Three Johnston County high school juniors recently built a concussion-detection robot that earned them a Top 5 finish in the 2013 National microMedic Contest.
Luke Pearson and William Xia, both of Corinth Holders High School, and Daniel Motley of Clayton High won $500.
The contest challenged entrants to use microcontrollers and sensors to design products for possible use in the health-care industry, medical-simulation training and the battlefield.
With help from their mentor and robotics coach, Richard Fincher of Raleigh, the team of Pearson, Xia and Motley created a device that can detect concussions in people who have suffered head impacts.
The task of creating their concussion detector was not an easy one, the team members said.
“We were so excited to have our medical device recognized by the judges,” Pearson said. “It was a lot of hard work. Sometimes it got frustrating, but we pulled it all together.”
Pearson, Xia and Motley named their team the LWD Robot Club; LWD represents their first names. Their inexpensive, portable device conducts a quick neurological assessment of someone who might have sustained a brain injury. It does this by giving the subject a series of tasks to perform and measuring their responses.
In all, the device takes less than three minutes to conduct its tests. The prototype can detect things like concussions in soldiers exposed to blast effects and in athletes who have suffered head impacts. Also, the device can detect impairment in suspected stroke victims and neurological impairment in scuba divers who might be suffering from decompression illness.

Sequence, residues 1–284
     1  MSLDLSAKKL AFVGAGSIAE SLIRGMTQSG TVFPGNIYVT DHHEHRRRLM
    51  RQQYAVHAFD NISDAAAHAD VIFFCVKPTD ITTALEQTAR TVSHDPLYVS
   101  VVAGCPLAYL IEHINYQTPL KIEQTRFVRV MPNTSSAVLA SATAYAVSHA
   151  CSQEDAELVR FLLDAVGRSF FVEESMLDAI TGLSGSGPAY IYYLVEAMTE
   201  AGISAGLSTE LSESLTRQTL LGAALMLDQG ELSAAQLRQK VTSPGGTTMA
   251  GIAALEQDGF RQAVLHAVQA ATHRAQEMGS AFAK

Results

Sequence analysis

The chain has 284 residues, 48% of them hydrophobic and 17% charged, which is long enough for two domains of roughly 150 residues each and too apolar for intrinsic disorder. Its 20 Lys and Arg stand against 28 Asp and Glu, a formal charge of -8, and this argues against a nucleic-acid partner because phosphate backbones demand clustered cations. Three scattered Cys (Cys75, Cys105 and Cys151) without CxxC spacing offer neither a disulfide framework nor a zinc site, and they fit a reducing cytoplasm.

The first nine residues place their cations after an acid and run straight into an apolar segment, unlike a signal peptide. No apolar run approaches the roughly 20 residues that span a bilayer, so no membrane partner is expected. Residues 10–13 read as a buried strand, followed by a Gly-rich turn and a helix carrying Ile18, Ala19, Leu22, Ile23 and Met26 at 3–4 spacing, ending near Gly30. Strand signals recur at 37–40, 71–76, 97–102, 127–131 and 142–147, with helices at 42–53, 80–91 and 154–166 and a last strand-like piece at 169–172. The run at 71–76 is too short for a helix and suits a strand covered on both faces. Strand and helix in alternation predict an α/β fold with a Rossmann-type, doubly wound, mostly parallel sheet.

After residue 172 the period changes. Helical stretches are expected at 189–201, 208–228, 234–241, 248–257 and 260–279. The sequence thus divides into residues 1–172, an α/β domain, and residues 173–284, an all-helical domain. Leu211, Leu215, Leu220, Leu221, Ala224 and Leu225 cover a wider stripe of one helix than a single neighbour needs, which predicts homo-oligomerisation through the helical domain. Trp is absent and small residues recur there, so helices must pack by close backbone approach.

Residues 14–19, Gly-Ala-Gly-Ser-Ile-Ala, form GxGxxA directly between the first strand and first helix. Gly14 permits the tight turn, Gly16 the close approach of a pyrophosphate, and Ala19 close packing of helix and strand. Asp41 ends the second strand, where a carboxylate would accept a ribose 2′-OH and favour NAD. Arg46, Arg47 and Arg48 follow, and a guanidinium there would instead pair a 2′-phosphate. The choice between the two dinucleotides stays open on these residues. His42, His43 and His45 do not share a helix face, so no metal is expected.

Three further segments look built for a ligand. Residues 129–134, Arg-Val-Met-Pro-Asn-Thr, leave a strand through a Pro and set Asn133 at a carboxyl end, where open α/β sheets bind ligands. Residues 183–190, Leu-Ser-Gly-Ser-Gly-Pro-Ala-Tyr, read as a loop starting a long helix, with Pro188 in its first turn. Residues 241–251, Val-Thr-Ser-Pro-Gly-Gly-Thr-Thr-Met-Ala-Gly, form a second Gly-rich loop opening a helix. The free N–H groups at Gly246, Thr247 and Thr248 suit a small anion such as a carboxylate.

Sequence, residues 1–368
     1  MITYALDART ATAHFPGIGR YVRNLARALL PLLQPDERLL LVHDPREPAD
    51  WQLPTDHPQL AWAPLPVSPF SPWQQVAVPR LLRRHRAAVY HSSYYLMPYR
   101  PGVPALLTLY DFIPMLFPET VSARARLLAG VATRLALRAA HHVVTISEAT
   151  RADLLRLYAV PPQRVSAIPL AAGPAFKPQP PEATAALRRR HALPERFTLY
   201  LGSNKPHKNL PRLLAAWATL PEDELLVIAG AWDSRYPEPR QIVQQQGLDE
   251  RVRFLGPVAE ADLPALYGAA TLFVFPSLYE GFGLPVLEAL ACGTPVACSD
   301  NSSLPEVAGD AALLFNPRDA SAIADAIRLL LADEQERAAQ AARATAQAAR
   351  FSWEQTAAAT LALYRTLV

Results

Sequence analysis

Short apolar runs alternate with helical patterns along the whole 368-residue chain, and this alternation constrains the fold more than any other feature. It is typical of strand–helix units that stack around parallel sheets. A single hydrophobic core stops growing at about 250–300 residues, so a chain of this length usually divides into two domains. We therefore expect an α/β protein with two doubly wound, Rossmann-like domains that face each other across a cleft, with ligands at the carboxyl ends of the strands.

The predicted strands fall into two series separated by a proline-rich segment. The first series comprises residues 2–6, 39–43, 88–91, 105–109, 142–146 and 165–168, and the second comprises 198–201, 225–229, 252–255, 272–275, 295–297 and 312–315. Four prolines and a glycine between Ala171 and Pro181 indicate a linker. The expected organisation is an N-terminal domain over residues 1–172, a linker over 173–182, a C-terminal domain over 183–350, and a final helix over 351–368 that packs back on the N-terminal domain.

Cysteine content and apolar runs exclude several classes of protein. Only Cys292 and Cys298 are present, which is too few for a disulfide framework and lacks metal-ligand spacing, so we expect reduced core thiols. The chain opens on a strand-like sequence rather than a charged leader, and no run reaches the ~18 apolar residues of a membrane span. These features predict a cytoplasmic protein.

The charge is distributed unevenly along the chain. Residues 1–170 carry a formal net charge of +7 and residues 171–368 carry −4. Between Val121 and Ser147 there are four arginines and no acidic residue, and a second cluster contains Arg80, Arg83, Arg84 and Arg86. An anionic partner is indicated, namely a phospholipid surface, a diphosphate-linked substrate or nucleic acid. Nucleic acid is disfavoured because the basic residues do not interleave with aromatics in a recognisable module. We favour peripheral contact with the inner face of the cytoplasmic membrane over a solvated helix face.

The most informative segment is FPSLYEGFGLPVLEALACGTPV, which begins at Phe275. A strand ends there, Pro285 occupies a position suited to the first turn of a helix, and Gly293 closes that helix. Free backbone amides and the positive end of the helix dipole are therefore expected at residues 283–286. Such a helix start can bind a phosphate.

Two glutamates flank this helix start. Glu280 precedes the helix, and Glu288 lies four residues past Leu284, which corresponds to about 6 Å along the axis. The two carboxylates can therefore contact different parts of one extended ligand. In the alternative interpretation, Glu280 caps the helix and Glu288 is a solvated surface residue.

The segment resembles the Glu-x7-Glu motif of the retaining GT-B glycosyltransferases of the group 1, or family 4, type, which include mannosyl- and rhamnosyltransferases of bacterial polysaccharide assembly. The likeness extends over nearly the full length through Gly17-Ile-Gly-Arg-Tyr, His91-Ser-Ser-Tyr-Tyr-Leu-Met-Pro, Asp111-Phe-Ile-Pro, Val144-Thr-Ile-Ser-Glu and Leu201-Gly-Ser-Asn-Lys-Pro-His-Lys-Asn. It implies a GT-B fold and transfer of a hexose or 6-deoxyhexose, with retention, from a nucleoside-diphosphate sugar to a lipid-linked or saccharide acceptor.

Pearson, Xia and Motley formed the LWD Robot Club in the summer of 2012 in an effort to further explore their interests in computer microcontrollers, robotics and computer software. Fincher serves as their adviser and mentor. The club, which meets two to three times a month, is currently at work on perfecting their web-based mobile-platform robot.
The National microMedic Contest is a project of the U.S. Army’s Telemedicine and Advanced Technology Research Center, the Carnegie Mellon Entertainment Technology Center and Parallax Inc. The 2013 winners will be recognized next month in San Francisco